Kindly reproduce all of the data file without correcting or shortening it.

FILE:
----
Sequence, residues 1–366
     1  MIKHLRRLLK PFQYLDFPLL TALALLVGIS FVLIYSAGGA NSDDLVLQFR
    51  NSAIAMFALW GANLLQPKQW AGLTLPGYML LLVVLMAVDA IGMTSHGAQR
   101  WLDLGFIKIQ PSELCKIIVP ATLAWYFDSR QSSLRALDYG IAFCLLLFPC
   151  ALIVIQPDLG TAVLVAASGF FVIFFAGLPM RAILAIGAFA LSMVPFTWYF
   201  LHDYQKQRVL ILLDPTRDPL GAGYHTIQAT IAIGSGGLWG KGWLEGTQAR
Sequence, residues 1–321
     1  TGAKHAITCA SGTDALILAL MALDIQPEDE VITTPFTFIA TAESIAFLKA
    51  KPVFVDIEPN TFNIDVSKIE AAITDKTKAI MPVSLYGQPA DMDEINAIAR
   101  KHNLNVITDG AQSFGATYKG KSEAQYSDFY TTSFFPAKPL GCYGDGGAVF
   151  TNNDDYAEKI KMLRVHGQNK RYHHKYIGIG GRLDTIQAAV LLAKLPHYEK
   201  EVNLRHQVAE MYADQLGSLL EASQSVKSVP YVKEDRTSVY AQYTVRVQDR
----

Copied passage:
Sequence, residues 1–366
     1  MIKHLRRLLK PFQYLDFPLL TALALLVGIS FVLIYSAGGA NSDDLVLQFR
    51  NSAIAMFALW GANLLQPKQW AGLTLPGYML LLVVLMAVDA IGMTSHGAQR
   101  WLDLGFIKIQ PSELCKIIVP ATLAWYFDSR QSSLRALDYG IAFCLLLFPC
   151  ALIVIQPDLG TAVLVAASGF FVIFFAGLPM RAILAIGAFA LSMVPFTWYF
   201  LHDYQKQRVL ILLDPTRDPL GAGYHTIQAT IAIGSGGLWG KGWLEGTQAR
Sequence, residues 1–321
     1  TGAKHAITCA SGTDALILAL MALDIQPEDE VITTPFTFIA TAESIAFLKA
    51  KPVFVDIEPN TFNIDVSKIE AAITDKTKAI MPVSLYGQPA DMDEINAIAR
   101  KHNLNVITDG AQSFGATYKG KSEAQYSDFY TTSFFPAKPL GCYGDGGAVF
   151  TNNDDYAEKI KMLRVHGQNK RYHHKYIGIG GRLDTIQAAV LLAKLPHYEK
   201  EVNLRHQVAE MYADQLGSLL EASQSVKSVP YVKEDRTSVY AQYTVRVQDR